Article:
Since geoengineering most likely will affect the entire world who will vote on this? The United Nations? Are we waiting on a global governance system?

I'm not an expert on the governance of geoengineering, so all I can say is there are a lot of very complex issues involved. Researchers can explore if and how geoengineering can help, but policymakers have to take the lead on if and how to put it into action.

At present is there any form of geoengineering currently going on in the U.S? Most Americans by now have seen planes spraying cities with large contrails that can turn the entire sky white. Is this normal? As a scientist do you know why this spraying will happen than cease completely for weeks?

There is no form of geoengineering currently going on in the U.S., and airplanes are not "spraying" anything. Contrails are basically just a specific type of cloud. You get them when you mix warm, moist air (jet exhaust) with cold, dry air (the atmosphere at those high altitudes). You can see the same effect on a cold day, when you can see your breath. Contrails form when conditions allow those clouds to form. If the atmosphere where the plane is flying isn't cold or dry enough, a contrail won't form and you won't see the plane's exhaust. But the air changes a lot (there are winds, and air moves around), which is why you might see a patchy looking contrail.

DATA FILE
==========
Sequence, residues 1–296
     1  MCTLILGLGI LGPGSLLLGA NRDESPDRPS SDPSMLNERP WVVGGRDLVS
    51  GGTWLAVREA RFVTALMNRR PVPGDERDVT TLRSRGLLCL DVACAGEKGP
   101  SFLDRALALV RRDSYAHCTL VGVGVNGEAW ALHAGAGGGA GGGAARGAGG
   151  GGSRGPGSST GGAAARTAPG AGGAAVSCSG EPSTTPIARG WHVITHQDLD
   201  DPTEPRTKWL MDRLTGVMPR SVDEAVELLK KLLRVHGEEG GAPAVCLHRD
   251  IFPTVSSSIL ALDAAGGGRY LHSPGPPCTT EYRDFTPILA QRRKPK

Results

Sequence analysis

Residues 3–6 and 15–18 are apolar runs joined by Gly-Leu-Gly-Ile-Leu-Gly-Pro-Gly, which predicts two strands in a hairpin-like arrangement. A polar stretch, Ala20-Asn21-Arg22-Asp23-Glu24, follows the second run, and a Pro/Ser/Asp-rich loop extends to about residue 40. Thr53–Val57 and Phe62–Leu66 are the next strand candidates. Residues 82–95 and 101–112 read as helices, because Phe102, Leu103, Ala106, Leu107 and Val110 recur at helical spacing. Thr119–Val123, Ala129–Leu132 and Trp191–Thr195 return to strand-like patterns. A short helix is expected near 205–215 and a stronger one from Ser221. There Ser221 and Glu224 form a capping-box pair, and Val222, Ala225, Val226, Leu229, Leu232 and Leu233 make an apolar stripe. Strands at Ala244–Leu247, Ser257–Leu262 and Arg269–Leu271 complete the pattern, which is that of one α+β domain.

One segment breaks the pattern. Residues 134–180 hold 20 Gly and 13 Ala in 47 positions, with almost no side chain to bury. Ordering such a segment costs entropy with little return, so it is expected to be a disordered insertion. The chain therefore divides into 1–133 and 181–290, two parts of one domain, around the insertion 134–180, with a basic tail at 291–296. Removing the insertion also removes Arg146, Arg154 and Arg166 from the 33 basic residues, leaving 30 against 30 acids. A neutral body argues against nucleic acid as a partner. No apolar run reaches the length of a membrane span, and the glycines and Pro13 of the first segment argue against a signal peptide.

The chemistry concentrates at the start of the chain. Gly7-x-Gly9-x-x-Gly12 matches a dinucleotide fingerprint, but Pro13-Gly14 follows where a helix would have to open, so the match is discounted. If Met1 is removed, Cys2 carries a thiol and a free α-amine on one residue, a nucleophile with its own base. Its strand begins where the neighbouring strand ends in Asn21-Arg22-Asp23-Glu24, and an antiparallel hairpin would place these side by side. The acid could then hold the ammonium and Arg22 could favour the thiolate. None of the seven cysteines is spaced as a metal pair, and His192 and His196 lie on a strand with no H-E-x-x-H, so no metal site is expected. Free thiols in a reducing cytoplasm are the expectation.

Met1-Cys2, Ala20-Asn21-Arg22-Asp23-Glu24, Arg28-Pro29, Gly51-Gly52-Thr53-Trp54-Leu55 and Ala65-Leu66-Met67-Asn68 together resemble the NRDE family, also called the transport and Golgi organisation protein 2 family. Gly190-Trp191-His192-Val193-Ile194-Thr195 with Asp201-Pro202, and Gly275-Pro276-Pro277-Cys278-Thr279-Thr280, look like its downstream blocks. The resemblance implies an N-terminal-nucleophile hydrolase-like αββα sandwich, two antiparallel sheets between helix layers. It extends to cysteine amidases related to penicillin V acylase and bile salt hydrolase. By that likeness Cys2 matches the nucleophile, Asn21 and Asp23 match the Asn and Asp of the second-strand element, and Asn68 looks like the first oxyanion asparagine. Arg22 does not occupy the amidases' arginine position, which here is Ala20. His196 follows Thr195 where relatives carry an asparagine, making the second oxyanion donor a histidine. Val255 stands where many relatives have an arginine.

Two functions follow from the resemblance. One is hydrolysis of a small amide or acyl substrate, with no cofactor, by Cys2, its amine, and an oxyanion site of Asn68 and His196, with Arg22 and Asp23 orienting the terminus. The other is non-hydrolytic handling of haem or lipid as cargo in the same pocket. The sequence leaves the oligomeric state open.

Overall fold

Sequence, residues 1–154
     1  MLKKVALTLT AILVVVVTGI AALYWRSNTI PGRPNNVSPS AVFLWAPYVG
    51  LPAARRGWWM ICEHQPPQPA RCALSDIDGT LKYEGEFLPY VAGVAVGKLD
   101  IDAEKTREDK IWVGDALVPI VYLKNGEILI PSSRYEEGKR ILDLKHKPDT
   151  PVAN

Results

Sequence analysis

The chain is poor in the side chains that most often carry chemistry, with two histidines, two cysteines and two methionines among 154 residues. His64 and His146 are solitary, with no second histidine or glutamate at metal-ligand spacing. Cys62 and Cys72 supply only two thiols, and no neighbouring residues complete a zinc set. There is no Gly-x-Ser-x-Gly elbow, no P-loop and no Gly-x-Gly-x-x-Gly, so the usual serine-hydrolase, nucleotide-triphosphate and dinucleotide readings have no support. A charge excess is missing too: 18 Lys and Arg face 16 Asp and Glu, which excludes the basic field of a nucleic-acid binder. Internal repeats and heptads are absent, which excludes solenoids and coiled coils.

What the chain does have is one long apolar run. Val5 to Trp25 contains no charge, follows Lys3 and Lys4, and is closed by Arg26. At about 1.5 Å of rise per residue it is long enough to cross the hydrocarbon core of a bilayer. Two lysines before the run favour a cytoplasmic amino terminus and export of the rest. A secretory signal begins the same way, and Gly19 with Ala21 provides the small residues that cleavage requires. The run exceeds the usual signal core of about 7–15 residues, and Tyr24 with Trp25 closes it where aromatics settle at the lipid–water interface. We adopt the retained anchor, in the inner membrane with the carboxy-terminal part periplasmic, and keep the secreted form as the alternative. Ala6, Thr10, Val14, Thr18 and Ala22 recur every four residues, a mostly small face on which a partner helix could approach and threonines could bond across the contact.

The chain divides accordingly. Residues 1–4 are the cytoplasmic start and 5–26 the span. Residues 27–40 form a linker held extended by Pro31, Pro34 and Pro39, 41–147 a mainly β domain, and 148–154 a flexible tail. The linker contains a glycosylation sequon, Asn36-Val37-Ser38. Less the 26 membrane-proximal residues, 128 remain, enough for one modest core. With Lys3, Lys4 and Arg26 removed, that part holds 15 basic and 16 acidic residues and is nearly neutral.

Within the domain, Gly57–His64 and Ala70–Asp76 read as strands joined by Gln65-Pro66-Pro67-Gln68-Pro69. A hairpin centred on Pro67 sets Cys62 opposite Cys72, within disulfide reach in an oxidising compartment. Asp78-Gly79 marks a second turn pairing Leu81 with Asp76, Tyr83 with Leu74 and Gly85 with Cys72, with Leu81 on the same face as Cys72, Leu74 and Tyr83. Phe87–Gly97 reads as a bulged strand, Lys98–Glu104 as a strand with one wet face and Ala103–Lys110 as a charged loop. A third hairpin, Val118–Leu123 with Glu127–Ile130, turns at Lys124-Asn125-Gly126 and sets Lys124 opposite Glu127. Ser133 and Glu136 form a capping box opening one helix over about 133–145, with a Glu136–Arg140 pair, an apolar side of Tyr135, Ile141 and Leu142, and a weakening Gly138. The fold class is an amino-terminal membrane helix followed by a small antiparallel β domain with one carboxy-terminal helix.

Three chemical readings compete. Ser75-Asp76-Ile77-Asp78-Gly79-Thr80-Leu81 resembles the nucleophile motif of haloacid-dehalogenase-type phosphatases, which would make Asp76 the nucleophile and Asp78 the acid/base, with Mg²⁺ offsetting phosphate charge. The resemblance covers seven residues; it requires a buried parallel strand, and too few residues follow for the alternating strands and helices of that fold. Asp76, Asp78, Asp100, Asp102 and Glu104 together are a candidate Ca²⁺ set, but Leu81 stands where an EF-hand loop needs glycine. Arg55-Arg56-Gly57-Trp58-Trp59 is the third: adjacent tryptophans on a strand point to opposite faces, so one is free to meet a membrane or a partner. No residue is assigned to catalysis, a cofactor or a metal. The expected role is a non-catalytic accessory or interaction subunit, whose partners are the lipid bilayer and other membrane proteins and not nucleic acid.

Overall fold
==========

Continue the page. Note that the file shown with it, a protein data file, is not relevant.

What progress are other countries making such as China in controlling the weather?

I really don't know enough about weather control to be able to answer this question. Geoengineering is designed to affect the climate, not the weather, and weather is not my area of expertise.

In your opinion why are military strategists are taking a close interest in geoengineering?

As I'm not affiliated with any military organization, I cannot say whether any military strategists are interested in geoengineering or why they would be interested.

© 2010 International Human Press